Sax Legend Phil Woods:
A New Lease on Musical Life
"I don't think one has to innovate to stay fresh. I don't think you have to change with every new fad and function. I remain Phil Woods, I find my strong suit and I play songs and that's what I've always done."
So says Yamaha saxophonist and legendary jazz musician Phil Woods, who came close to hanging it up not long ago but found that a change of instrument gave him new creative energy.
One of the most respected jazz saxophonists in the world, Woods is also one of the most prolific, having played with numerous bands and artists throughout a long and respected career.
"I play with everybody," he says. "I want to enjoy every experience I can. These are the riches in life and I've had a bunch, but it's not over yet." Among his credits are performances and recordings with Benny Goodman, Michel Legrand, Quincy Jones, Miles Davis, Thelonious Monk, Dizzy Gillespie, The European Rhythm Machine, Billy Joel, Carly Simon and Lena Horne.
Born in Massachusetts, Woods began saxophone lessons at age 12 and after graduating from high school at age 16, he went to New York City and spent one summer at Manhattan School of Music and four years at The Juilliard School. "My first influences were Benny Carter, Johnny Hodges, and Charlie Parker," says Woods. "And I still study the old guys. The masters. That's where I came from; they set the bar pretty high and I'm still trying to jump over it."
A firm believer in technology and new tools, Woods has managed to stay relevant and active for more than 50 years, an increasingly difficult feat in today's jazz world. Yet he is quick to acknowledge the influence of today's players.
"The young players keep me fresh," he says. "I hear them playing stuff I never thought of doing, and I want to go home and try it! We borrow from each other." It's this attitude which has most certainly contributed to the longevity of Woods' career.
In the 50's and 60's Woods performed with his own working bands; in the mid-1950's Quincy Jones hired him to play lead alto in the big band that Dizzy Gillespie took to the Middle East for the State Department; and in 1959, Jones himself hired Woods in the same capacity for the musical show Free and Easy.
Almost as busy today as he was 50 years ago, Woods says he is a product of his environment and the conditions of the world affect the way he plays. "As an artist, I try to reflect the times we live in," he says. "That's always in a state of flux. It's not any one revolutionary moment. Life is a voyage. It's always an evolution and I'm always writing."
When asked why he decided to switch to Yamaha, Woods replies, "I was going through some health problems and got to the stage where I couldn't play my old horn. It was just too hard. And that's the horn I'd had all my life. I said ‘All right, 50 years is a pretty good number to retire.' But when I tried the Yamaha [unlaquered] 82z, all of the sudden I could play those low notes and the high notes effortlessly. And I changed right there. I didn't have to worry about my disabilities. It's very kind to an old man with disabilities. It's got to be great for a young guy that's got all of his pieces. It's a great instrument. It's the vintage horn of the future."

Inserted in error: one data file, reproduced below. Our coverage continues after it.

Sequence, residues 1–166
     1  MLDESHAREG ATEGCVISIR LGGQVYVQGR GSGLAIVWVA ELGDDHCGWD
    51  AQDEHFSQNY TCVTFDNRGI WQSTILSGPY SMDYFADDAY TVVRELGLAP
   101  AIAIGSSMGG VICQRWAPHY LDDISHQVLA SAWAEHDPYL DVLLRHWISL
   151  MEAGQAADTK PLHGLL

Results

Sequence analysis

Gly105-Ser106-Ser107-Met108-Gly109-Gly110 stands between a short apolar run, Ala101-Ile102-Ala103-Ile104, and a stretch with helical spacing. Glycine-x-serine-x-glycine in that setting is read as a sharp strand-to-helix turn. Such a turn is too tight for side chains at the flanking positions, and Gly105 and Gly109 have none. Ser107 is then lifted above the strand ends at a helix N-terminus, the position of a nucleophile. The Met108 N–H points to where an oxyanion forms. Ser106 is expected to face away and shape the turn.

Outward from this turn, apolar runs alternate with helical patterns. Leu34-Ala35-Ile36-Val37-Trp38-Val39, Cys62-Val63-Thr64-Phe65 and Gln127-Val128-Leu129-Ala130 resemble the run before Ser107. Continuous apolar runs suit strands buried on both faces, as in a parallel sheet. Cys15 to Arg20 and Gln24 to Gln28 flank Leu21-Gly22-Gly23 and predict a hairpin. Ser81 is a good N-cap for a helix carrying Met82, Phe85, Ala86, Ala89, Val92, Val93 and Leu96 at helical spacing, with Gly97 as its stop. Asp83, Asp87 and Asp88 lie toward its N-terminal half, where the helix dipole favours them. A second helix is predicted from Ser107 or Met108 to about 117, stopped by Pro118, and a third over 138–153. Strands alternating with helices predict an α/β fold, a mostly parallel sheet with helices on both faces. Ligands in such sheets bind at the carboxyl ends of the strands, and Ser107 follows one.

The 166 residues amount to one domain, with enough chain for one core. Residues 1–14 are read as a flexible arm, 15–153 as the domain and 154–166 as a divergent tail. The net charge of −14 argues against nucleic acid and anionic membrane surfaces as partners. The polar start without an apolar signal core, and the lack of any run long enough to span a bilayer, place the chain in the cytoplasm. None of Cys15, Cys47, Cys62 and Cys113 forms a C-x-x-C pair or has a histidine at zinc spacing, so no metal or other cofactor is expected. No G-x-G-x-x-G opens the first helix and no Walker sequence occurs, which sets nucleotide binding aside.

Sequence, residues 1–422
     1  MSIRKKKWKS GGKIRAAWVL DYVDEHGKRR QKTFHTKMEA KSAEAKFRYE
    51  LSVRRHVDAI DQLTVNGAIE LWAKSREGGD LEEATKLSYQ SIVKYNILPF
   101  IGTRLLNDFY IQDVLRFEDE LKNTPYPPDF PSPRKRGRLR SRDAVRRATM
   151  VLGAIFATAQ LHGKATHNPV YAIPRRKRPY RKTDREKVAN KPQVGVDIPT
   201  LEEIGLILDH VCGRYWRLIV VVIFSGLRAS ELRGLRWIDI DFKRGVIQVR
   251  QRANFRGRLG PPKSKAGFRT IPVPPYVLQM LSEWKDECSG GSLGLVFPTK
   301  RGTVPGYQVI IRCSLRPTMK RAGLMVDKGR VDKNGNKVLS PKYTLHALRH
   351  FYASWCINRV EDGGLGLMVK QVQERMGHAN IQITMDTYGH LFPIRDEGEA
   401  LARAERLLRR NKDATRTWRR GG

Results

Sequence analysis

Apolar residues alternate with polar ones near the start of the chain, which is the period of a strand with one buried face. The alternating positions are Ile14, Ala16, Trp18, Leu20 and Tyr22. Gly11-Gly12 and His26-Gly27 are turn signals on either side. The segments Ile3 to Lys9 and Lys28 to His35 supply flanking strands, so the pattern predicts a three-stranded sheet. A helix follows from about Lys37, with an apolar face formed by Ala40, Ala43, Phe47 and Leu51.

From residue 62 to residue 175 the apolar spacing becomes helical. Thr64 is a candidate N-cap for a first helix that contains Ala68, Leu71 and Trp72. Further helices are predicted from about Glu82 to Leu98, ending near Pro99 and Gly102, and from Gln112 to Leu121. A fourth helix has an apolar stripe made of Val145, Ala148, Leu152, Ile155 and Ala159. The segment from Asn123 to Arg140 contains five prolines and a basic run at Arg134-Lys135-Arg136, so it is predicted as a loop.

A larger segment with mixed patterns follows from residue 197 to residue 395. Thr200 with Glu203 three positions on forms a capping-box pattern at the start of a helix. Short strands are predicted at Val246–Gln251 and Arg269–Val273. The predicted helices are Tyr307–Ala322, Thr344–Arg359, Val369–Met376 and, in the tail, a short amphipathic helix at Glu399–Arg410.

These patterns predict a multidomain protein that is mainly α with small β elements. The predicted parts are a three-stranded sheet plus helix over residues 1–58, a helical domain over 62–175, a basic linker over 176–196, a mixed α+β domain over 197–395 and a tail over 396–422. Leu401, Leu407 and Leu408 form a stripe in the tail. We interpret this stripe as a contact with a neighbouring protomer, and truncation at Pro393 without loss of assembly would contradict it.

As a result of his outstanding work on his own solo recordings and as a featured guest artist with other top musicians, Woods has achieved recognition as a renowned composer with various arts societies. His numerous accomplishments include a 1994 Induction into the American Jazz Hall of Fame, four Grammy® Awards, including one in 1983 for At the Vanguard by the Phil Woods Quartet, and Grammy Award nominations as soloist and/or group in 1971, 1980 and 1994. The recipient of an honorary Doctorate of Letters Degree from East Stroudsburg University, Phil is proudest of his accomplishments as a leader of The Phil Woods Quintet.
Woods recently received the National Endowment for the Arts Jazz Masters award at the International Association for Jazz Education conference in New York City. He was also honored at the 2007 Grammy Salute to Jazz tribute in Los Angeles, and at the Legends of Jazz tribute at the Kennedy Center in Washington, D.C., with a presentation made by Billy Taylor, this past March.
Currently, Woods is working on the Charlie Parker piece "Bird with Strings." Having played all over Europe, he reorchestrated the piece for 24 strings, and added flute and clarinet to the original oboe in the woodwind section. He also added a jazz rhythm section. He has a new DVD out, "Life in E Flat," and his latest album, The Gershwin Affair, with pianist Franco D'Andrea, was released in 2005.
When asked what he feels he can teach young players, Woods says, "Follow your passion. Follow your dream. But make sure it's what you want before you commit. Because once you commit, it's for a lifetime."
"There's always something new to learn," he notes. "It keeps you young. I do believe that even with my physical problems, being able to play the saxophone has made my lungs stronger so I don't suffer quite as much. Life goes by so fast. Don't just settle. Don't settle for something that you don't want."